Hopkins Prairie Campground is located in the Ocala National Forest off SR19 and FR50 (about 9 miles north of SR40. There are about 25 sites nestled between nice oak trees. There is an enclosed privy and several bear-proof trash bins.
The weather was cool when I woke up for the day’s hike with temperatures having dropped to about 46 overnight. We were treated to a large, beautiful moon the night before as it was the closest it’s been to the earth in almost two decades.
A cool fog hovered over the prairie and surrounding water as the sun rose steadily over the trees. It was a nice start to a pretty good day.
There are two trailheads for the Florida Trail located on either end of the campground. The eastern one on the access road has a small parking area. I assume this is for hikers that aren’t occupying a site so they don’t have to pay the $10/site usage fee. I opted for the western trailhead near the bathouse. Crossing through the posts just before the trailhead the prairie opened up far and wide.
Immediately visible was the reminder of past wildfires. The area has been repeatedly ravaged by massive fires and the signs are everywhere. Burned out pines stand in stark contrast to the vibrant scrub brush in the dense forest to your right. The trail clings to the line of demarcation between the prairie and forest.
The sun began beating down shortly after starting the hike. I knew I should’ve started earlier. It was barely 10 o’clock and I was already starting to sweat. The trail’s trickery of alternating between hot, open terrain and somewhat shaded cover kept taunting me with the hope of relief from the sun’s rays. As my hopes would soar they’d soon be dashed as I entered yet another open stretch with nothing to protect me. Passing an old, weathered trail marker I wondered what I was doing.
As I rounded a small bend something ahead caught my eye. I slowed my pace and waited for it to move again. Out for its morning breakfast was a young deer. I watched for a few moments and neared closer trying to capture the creature with my video camera. We locked eyes for several moments until in a flash it was gone. Continuing on I found abundant life in the form of various water birds.
Poking through the tall prairie grass the red caps of the sandhill cranes caught my attention. They didn’t pay me much attention and continued on their way in search of a tasty meal.
About three miles in the trail finally turned in towards the forest and I jumped for joy.
My joy was short-lived, however, and it was back to the openness of the sun beat trail. Buddy Buffalo felt right at home, though. It had been a long time since he’d been able to romp and play on the prairie so I stopped and let him take a quick break.
The trail did finally enter the forest and headed away from the prairie. The cover provided by the pines and scrub oaks was welcome though it only tempered the heat a little. At just over 4.5 miles I hit FR33 (FR90 on the FTA map) and decided to take a break for a snack. It felt good to take the shoes off and let them air out. I’m not a fan by any means of sugar sand and it seems that most of Ocala is comprised of it. When you’re hiking this area take that into consideration and be prepared to deal with blisters.
I heard a horrible grumbling that scared me to death! Turns out it was just Buddy’s tummy growling. I couldn’t let him just munch on prairie grass so I shared my bar. It seems that buffalo like chocolate. Go figure.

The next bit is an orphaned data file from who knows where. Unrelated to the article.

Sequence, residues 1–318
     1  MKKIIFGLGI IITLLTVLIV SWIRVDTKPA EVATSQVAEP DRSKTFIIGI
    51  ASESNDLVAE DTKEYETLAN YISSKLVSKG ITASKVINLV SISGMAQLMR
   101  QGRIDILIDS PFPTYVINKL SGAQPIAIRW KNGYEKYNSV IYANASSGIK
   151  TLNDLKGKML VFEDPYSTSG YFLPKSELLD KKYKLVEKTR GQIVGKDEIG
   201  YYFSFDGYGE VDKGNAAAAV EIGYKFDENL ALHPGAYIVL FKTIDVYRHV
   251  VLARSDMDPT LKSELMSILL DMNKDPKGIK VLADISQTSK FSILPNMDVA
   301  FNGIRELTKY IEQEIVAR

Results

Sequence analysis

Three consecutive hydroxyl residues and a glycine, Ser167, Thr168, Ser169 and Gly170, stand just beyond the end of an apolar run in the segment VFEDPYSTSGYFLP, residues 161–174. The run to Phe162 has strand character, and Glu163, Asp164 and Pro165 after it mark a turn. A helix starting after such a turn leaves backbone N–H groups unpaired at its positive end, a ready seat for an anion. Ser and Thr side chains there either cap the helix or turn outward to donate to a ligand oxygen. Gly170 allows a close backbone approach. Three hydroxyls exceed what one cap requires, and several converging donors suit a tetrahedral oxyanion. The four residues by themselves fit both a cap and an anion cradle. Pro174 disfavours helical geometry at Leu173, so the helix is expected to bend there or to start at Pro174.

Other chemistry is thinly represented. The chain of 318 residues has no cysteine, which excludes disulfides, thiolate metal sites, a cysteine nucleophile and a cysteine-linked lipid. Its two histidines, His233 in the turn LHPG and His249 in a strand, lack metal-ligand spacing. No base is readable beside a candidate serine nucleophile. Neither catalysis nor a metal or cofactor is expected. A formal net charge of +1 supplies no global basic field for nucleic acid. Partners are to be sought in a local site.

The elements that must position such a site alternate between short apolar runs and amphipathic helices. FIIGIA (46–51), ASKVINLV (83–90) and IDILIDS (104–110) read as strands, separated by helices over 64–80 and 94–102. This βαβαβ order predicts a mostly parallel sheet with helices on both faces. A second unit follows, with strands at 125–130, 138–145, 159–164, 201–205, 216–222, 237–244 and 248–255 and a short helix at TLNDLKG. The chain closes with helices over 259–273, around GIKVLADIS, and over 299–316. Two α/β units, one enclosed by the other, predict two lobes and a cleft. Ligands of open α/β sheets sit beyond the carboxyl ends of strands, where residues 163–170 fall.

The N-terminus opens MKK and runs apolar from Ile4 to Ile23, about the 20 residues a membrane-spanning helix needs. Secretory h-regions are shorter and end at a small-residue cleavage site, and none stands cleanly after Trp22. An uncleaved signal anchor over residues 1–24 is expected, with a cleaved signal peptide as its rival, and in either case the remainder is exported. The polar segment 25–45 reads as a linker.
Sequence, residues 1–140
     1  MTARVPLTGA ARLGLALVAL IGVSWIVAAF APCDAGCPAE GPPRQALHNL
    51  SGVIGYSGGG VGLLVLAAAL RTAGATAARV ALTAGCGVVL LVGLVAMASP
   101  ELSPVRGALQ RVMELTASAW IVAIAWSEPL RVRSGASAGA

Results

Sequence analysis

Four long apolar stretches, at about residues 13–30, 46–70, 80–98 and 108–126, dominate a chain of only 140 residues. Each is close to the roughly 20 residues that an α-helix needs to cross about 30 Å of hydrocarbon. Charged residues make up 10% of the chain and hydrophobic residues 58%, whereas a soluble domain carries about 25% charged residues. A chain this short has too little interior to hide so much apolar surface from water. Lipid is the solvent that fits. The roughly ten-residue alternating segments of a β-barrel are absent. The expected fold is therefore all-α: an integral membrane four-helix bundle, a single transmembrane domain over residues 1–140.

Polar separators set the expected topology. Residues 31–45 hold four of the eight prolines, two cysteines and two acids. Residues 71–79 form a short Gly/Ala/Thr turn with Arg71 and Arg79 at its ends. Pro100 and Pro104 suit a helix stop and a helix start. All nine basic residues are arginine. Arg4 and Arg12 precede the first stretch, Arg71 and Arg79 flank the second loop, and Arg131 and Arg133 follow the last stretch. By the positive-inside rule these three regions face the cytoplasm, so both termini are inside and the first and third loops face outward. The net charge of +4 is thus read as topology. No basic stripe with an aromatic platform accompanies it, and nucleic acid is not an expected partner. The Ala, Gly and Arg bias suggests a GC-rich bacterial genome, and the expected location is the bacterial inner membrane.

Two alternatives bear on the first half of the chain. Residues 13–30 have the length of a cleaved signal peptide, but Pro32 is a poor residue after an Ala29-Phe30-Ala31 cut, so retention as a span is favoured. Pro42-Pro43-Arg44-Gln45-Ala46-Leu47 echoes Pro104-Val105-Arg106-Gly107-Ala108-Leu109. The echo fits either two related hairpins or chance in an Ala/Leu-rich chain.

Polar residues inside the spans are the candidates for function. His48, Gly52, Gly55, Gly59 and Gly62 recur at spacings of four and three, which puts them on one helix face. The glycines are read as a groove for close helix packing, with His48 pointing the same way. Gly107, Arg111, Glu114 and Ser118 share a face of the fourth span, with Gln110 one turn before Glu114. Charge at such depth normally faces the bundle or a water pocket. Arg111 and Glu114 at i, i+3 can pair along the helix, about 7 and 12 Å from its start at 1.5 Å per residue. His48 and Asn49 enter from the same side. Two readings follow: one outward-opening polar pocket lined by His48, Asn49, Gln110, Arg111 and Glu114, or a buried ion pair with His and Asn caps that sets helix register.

Here’s a word of caution for you. Up to this point I’d been hiking in my pants. I usually do this and just unzip them a bit to get some air flow into the legs. It was hot, though, so I decided to remove the legs and just hike in shorts. Unfortunately, as I crossed FR54 I headed into a good bit more scrub, palmetto, and tall grass than I’d been in before. I was also kicking up a lot of dry ground. By the time I got to my destination my legs were filthy and covered in grime and I’m sure I picked up a lot more ticks from the grass. If I do this section again I’ll definitely keep the legs on.
One thing I wasn’t expecting to see was cactus. In this section I saw a number of areas with some nice looking cactus which isn’t something I normally stumble across. I think the only other time I’ve run into it was along the Suwanee section and it was just small Christmas cactus.
Shortly after passing the cactus the pine trees gave way to more open terrain, plenty of palmettos, and more of that blasted sugar sand. I felt like I was hiking on the beach.
At about the 8-mile mark I exited the blue trail on the southbound side of SR19 just south of the 314 junction. I wasn’t expecting to come out there but honestly had no idea where the trailhead was when I started. I tried in vain to find it the day before. I suppose the other trailhead was across the highway but for some reason I didn’t even think to look for it.
After cursing a little for the distance I still had to cover to reach the Recreation Area I started road walking. It was hot. I was tired. As I rounded the bend and passed the small grocery store on the right I was wishing I’d told my friends to meet me there. I continued on until I passed the entrance to the Salt Springs Marina. I think this is where the FT actually comes out had I continued on. I kept walking. Eventually, at about the 9.5-mile mark, I dragged myself into the Salt Springs Recreation Area. I pulled my shoes off, wiped my legs clean, and started picking ticks. I had a nice, cool breeze while I waited for my pickup and about 30 min later I was back on the road headed to get my truck at Hopkins Prairie.
Overall I had a good hike and I don’t regret it a bit. I’d certainly recommend that you visit this section of the trail but do it when it’s cool. You’ll enjoy it a lot more.